Since March, a new ransomware gang called Cactus has been up to mischief in the digital world. The cybercriminals are particularly targeting VPN applications to gain initial access to the systems and networks. High-ranking companies are also increasingly being targeted and the gang is already demanding large ransoms. In our blog post, we explain how the Cactus ransomware works and what is known so far.
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What is Cactus ransomware?
Cyber criminals are known for constantly coming up with new ways to inject malware and compromise systems. This is also the case with ransomware: The security researchers from “BleepingComputer” have discovered a new sophisticated ransomware variant called “Cactus” . This mainly uses weaknesses in VPN applications to get into foreign networks. The special thing about it: The Cactus ransomware can apparently encrypt itself in order to make detection by antivirus software more difficult. Combating it with common antivirus programs is therefore difficult.
How does the new Cactus ransomware work?
Typically, ransomware uses malware to infect another system. After ransomware is finally loaded onto the other system, it encrypts access to files, software and programs. In this type of attack, the cyber criminals demand a ransom from the victims in exchange for decrypting the files.
What makes Cactus even more dangerous compared to other ransomware variants is that the attackers use encryption to protect the ransomware binary.
An attack focuses on vulnerabilities in known VPN servers from Fortinet. The cybercriminals access the network via the VPN server and execute a batch script that loads the actual ransomware. The malicious code is transmitted in a ZIP file and extracted after the download. Using a special key in the command line, the attackers can start the application and encrypt files on the affected system in such a way that users no longer have access.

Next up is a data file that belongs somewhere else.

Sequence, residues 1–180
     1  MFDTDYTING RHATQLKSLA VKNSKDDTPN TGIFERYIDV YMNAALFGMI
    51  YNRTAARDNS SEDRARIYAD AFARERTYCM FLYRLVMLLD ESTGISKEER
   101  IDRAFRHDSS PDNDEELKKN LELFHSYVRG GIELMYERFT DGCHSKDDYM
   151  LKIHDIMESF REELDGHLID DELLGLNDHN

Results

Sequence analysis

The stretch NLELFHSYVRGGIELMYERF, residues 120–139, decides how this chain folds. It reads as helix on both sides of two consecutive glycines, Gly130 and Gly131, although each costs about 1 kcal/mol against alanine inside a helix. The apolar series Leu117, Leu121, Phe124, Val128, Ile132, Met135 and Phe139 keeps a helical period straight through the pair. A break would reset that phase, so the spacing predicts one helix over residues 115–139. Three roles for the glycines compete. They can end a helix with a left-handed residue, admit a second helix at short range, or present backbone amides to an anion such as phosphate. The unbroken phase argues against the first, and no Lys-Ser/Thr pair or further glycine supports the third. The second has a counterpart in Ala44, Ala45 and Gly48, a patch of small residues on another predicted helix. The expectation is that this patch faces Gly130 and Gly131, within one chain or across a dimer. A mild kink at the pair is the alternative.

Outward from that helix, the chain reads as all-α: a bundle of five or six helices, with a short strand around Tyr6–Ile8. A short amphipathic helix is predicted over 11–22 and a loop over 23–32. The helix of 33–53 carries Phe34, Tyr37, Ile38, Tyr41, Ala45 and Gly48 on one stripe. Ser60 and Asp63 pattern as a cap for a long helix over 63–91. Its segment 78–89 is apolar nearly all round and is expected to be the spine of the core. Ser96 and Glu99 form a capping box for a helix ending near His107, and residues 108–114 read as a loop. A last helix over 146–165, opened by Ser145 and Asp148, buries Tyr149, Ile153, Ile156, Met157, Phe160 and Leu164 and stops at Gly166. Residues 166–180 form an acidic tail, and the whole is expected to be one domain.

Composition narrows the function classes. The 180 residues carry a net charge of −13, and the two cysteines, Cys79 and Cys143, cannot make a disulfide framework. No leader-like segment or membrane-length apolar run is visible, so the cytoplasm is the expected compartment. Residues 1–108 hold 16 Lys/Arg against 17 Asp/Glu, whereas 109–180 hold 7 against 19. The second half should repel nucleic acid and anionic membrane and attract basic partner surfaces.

Additional business model with Double Extortion
But that’s not all: before encryption, the files are transferred to the attackers’ servers. This allows the ransomware gang another leverage. Firstly, ransom money can be demanded for decrypting the files on the compromised system and additionally, the cyber criminals can threaten to publish the captured data. This is also mentioned in the Cactus ransomware ransom note.
Spread of ransomware Cactus
Ransomware Cactus mainly targets large companies with a lot of sensitive data, because these are more willing to pay larger ransom sums due to the high importance of the data. According to various reports, the claims for previous Cactus attacks are said to be in the millions and the attacks are specifically tailored to the respective victims. It is not yet known which companies have been affected by the Cactus attacks so far – no sensitive data has yet been published.
What is Cactus ransomware?
It is not yet known who is behind the new ransomware gang. The investigation is proceeding swiftly.
How to protect yourself from ransomware Cactus
Cactus ransomware is extremely dangerous, as common virus scanners have difficulty detecting it due to the encrypted attacks. But there are ways you can protect yourself from attacks.
- Updates: Get the latest software updates for your applications and keep public systems up to date
- Monitoring: Continuously monitor your network for abnormalities, especially PowerShell
- Password Manager: Implement a password manager to secure your access data even better
- 2FA: Use two-factor authentication
- Monitor access: Check administrator and service accounts
- Backups: Create regular backups to protect essential data
Cactus ransomware summary:
The cyber criminals behind Cactus ransomware have been active since at least March 2023. Ransomware Cactus is particularly dangerous because it encrypts itself and is therefore difficult to detect. This trick makes it possible for ransomware Cactus to bypass conventional antivirus scanners.
The main attack vectors are vulnerabilities in VPN applications. To avert danger, monitoring is to be emphasized in particular. For protection, it is therefore essential to use the latest software updates from the provider, continuously monitor your network and react quickly to any abnormalities.
Conclusion: Tricky ransomware Cactus spreads quickly
Ransomware remains a “never-ending story”: The new Cactus variant currently attacks primarily via Fortinet VPN servers. The “double blackmail” approach aims to achieve a higher ransom and the attacks are tailored specifically to the respective victim. Therefore, please note our tips on protection against ransomware Cactus.